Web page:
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Paul Waldman:

Watching the Sunday blabbers, I was impressed with the facility with which the Republicans switched back and forth between two entirely different, and contradictory, rationales for their position on the budget and the debt ceiling. On one hand, they’d say, we simply have to cut the deficit, which is why we need to slash spending. OK, someone would say, why won’t you accept some increase in taxes? You know, to cut the deficit? Absolutely not, they’d say — you can’t raise taxes when the economy is bad! That’s the last thing you want to do!

Paul thinks that President Obama should point out how contradictory this is. Either we need to stimulate the economy (tax cuts, spending increases) or we need to cut the deficit (tax increases, spending cuts), but it makes no sense to do half of one and half of the other.

Well, sure, if you’re a garden variety Keynesian. But if you’re a conservative, then you consider tax cuts good for growth, which helps reduce the deficit. Ditto for spending cuts, which not only reduce the deficit in the obvious way, but also result in a smaller, more growth-friendly public sector. There’s no contradiction at all in supporting both.

So the question isn’t whether Republicans are contradicting themselves. They have a theory in which they aren’t. Instead, the question is this: Can Barack Obama persuade the American public that Keynesian economics is basically correct and that Republican economics is therefore crazy? Good luck with that. Everyone loves paying less in taxes, and there’s a very big chunk of the public that also loves spending cuts as long as they’re aimed at poor people. So they have every personal incentive to buy into the GOP’s high-minded justifications for stuff they want to do anyway. And they do.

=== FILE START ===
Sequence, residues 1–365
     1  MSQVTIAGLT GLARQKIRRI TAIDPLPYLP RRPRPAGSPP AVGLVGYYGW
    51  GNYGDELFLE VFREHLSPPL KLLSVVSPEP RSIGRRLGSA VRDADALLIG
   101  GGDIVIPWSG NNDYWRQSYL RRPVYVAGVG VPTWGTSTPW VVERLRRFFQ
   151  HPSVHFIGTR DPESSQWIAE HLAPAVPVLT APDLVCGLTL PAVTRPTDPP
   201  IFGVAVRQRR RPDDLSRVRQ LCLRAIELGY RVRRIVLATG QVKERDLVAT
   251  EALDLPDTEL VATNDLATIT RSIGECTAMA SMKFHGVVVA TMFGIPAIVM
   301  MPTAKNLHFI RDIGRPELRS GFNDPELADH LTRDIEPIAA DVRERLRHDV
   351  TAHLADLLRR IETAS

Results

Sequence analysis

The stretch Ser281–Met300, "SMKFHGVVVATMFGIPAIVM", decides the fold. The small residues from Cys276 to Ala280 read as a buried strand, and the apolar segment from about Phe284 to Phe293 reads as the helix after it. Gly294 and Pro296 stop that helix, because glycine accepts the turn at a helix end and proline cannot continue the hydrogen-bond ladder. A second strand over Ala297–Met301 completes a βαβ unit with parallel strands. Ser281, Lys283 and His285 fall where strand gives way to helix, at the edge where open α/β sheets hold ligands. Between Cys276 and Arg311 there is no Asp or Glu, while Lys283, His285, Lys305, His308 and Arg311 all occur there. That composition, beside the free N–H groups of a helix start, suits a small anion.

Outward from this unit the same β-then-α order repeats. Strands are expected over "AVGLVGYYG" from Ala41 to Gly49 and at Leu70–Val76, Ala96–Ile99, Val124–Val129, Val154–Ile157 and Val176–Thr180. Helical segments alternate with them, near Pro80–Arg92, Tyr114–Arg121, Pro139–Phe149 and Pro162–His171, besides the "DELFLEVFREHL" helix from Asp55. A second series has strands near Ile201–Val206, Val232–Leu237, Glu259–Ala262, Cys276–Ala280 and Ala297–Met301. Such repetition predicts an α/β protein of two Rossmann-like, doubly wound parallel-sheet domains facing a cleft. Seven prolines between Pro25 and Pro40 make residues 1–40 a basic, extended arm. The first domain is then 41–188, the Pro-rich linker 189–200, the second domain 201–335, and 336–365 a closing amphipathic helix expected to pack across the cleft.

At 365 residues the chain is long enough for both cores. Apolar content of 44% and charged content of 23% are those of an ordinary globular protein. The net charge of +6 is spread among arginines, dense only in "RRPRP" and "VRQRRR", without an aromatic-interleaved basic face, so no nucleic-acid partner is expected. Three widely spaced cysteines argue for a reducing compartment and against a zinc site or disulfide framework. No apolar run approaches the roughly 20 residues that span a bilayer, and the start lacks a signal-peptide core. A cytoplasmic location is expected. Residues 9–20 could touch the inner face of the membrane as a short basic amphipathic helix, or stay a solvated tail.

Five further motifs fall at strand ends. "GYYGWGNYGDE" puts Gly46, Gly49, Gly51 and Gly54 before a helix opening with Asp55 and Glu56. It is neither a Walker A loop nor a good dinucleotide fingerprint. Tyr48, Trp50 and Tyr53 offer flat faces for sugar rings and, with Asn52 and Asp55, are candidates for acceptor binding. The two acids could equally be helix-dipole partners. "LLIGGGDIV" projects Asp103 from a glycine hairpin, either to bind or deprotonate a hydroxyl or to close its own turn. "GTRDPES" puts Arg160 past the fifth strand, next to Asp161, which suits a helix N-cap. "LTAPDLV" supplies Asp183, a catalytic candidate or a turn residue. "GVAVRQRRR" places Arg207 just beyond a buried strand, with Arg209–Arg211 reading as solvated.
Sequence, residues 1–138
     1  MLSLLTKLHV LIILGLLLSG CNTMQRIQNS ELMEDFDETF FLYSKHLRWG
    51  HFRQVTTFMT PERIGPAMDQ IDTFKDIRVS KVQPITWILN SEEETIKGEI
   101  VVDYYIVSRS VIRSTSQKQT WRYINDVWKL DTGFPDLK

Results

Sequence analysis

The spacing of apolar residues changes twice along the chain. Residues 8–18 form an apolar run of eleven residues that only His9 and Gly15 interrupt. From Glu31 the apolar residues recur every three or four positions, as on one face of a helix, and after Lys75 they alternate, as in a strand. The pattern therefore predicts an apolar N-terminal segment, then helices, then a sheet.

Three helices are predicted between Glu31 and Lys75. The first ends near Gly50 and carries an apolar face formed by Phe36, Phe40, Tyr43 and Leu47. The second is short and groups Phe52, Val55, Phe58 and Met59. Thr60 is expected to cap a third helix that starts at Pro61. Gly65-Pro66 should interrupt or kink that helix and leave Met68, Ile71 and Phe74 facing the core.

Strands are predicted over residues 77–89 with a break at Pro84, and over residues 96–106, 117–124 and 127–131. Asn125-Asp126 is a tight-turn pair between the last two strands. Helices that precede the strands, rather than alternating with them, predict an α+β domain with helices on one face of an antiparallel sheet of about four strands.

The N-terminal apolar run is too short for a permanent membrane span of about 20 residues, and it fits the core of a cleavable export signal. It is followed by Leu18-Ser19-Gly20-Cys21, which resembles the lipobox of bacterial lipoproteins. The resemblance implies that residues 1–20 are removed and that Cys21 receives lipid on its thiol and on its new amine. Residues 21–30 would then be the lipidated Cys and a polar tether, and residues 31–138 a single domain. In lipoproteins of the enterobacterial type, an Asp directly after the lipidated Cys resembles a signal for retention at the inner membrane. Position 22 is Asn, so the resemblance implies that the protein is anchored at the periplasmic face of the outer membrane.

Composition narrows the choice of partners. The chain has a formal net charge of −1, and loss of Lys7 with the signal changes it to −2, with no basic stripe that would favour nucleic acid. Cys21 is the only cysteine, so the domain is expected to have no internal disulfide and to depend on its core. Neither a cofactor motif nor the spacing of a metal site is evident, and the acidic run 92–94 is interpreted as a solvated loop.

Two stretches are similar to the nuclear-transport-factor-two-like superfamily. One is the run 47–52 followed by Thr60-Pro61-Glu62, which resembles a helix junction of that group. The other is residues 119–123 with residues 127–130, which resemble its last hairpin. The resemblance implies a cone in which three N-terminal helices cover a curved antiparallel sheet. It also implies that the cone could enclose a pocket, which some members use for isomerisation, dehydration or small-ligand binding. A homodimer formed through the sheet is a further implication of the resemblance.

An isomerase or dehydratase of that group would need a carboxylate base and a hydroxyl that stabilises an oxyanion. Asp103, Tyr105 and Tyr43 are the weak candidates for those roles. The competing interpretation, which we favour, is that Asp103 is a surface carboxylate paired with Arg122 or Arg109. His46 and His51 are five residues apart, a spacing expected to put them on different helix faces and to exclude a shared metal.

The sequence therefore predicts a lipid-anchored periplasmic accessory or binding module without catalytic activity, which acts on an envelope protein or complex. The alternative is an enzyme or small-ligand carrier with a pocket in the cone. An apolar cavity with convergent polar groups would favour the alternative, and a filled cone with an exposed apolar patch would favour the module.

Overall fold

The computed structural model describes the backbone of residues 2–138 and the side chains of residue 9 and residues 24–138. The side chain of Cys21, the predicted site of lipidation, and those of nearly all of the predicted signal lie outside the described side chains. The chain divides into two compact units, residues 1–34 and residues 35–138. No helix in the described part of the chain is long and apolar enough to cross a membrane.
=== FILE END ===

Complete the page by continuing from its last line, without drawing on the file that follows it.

After three decades, we still haven’t figured out how to effectively fight voodoo economics. It would be nice if Obama started talking sense instead of caving in to conservative nonsense, but the problem goes way beyond just him. Suggestions welcome.

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We've never been very good at being conservative.

And usually, that serves us well in doing the ambitious, hard-hitting journalism that you turn to Mother Jones for. But it also means we can't afford to come up short when it comes to scratching together the funds it takes to keep our team firing on all cylinders, and the truth is, we finished our budgeting cycle on June 30 about $100,000 short of our online goal.

This is no time to come up short. It's time to fight like hell, as our namesake would tell us to do, for a democracy where minority rule cannot impose an extreme agenda, where facts matter, and where accountability has a chance at the polls and in the press. If you value our reporting and you can right now, please help us dig out of the $100,000 hole we're starting our new budgeting cycle in with an always-needed and always-appreciated donation today.

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